Despite Apple taking a pro-encryption stance, with its CEO Tim Cook insisting that iMessages are safely encrypted, it turns out that if users backup data using iCloud Backup, they need to be aware that, although Apple stores the backup in encrypted form, it uses its own key.
Motherboard has reported that if a user enables iCloud Backup on their Apple device, copies of all messages, photographs and data including iMessages are encrypted on iCloud using a key controlled by Apple and not the user.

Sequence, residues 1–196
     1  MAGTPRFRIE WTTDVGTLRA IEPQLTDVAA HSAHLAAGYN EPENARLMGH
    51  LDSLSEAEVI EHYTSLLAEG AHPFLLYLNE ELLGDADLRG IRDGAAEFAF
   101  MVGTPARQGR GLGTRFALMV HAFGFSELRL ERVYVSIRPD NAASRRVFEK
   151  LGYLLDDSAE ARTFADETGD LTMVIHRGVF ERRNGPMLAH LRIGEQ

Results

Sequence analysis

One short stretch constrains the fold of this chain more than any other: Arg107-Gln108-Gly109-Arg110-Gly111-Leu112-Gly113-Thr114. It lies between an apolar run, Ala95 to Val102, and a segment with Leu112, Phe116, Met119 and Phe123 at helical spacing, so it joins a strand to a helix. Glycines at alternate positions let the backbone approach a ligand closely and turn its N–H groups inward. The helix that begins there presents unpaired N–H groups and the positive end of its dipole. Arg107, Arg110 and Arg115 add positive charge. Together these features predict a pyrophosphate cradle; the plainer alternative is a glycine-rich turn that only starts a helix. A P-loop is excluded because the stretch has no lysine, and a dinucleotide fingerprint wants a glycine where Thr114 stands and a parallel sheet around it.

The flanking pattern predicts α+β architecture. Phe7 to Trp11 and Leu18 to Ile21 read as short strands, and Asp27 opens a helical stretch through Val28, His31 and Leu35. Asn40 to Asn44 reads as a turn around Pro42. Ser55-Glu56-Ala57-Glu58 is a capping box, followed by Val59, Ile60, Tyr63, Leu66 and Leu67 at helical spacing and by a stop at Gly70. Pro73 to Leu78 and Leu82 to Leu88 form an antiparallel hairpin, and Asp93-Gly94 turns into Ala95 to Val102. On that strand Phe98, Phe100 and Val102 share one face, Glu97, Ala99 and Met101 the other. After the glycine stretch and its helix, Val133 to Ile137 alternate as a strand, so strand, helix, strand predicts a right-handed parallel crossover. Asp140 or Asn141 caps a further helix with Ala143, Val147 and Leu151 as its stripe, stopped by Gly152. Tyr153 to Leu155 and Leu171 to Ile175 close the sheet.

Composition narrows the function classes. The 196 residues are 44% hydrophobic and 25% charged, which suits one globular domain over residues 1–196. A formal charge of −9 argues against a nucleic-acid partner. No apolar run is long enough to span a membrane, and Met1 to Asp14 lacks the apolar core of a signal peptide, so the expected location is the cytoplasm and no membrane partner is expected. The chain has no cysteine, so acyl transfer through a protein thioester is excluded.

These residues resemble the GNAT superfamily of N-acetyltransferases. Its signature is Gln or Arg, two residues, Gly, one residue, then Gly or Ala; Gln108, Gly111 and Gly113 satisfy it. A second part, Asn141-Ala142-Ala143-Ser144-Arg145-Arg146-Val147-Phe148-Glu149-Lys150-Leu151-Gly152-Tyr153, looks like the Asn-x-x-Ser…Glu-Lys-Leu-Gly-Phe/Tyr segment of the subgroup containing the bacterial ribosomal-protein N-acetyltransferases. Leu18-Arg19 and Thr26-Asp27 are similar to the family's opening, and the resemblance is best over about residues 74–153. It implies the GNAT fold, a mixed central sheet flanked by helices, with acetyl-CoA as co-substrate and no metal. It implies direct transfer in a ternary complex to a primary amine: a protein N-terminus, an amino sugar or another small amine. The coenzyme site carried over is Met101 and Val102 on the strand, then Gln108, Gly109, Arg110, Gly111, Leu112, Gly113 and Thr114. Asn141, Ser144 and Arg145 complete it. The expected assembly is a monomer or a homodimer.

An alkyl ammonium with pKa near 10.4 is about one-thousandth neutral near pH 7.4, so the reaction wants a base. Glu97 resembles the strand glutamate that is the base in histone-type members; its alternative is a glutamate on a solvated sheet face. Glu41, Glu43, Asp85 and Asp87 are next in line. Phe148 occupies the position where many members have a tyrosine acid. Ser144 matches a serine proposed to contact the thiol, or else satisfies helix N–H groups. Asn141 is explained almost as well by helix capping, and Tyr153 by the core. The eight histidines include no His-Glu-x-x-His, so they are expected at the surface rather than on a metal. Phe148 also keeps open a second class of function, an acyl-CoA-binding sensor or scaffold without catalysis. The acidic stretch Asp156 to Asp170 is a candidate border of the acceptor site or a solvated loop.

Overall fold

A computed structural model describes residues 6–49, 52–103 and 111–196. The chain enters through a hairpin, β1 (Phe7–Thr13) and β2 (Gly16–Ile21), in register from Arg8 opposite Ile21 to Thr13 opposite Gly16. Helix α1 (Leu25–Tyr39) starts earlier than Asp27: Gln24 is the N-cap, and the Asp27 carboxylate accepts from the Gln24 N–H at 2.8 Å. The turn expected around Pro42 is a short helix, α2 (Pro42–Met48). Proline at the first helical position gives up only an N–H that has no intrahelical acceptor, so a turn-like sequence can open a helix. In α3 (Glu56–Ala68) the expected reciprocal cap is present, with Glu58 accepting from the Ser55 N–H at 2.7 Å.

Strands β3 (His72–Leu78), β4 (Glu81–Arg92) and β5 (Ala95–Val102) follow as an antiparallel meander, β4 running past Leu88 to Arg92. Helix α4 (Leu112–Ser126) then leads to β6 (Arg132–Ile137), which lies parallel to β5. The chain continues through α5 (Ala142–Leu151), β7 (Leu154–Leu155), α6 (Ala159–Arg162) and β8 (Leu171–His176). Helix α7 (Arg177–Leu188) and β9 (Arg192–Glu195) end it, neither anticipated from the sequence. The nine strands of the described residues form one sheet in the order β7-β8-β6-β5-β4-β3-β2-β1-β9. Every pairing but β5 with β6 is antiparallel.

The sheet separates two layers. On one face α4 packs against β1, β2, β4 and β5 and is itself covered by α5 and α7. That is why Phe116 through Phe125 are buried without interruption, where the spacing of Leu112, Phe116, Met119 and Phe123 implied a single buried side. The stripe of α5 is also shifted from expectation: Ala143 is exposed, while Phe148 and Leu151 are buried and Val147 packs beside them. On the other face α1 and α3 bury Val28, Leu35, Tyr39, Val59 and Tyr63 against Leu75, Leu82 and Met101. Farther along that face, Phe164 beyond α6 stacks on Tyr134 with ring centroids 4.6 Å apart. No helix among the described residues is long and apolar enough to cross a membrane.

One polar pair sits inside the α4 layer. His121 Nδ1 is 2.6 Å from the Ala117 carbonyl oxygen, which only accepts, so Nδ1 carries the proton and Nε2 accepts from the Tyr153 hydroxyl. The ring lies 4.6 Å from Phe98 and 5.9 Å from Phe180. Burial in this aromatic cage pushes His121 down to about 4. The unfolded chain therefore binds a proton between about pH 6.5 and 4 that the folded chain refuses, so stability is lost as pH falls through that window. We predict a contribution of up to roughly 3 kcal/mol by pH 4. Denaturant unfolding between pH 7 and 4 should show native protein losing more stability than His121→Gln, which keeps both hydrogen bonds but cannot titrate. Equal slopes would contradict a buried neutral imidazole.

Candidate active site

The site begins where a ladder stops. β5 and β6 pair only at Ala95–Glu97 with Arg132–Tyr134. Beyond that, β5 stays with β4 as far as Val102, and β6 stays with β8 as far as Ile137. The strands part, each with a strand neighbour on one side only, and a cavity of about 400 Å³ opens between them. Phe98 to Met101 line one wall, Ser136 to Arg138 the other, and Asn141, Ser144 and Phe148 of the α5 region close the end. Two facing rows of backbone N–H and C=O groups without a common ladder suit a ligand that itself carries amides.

This allows Apple and by extension anyone who breaks into their account, to see all personal and confidential data. Apple allows users to switch off iCloud Backup whenever they want, but it doesn't offer a way to locally encrypt iCloud backups that would allow the company to store the personal data on its servers but not access it.
It is worth noting that it is possible to do encrypted non-cloud backups locally through iTunes, but the fact that when you setup a new iPhone it asks you to log in with iCloud should show the heavy reliance Apple has on cloud services, and exactly the reason why users should think twice before backing up to Apple's Cloud, says Motherboard's Joshua Kopstein.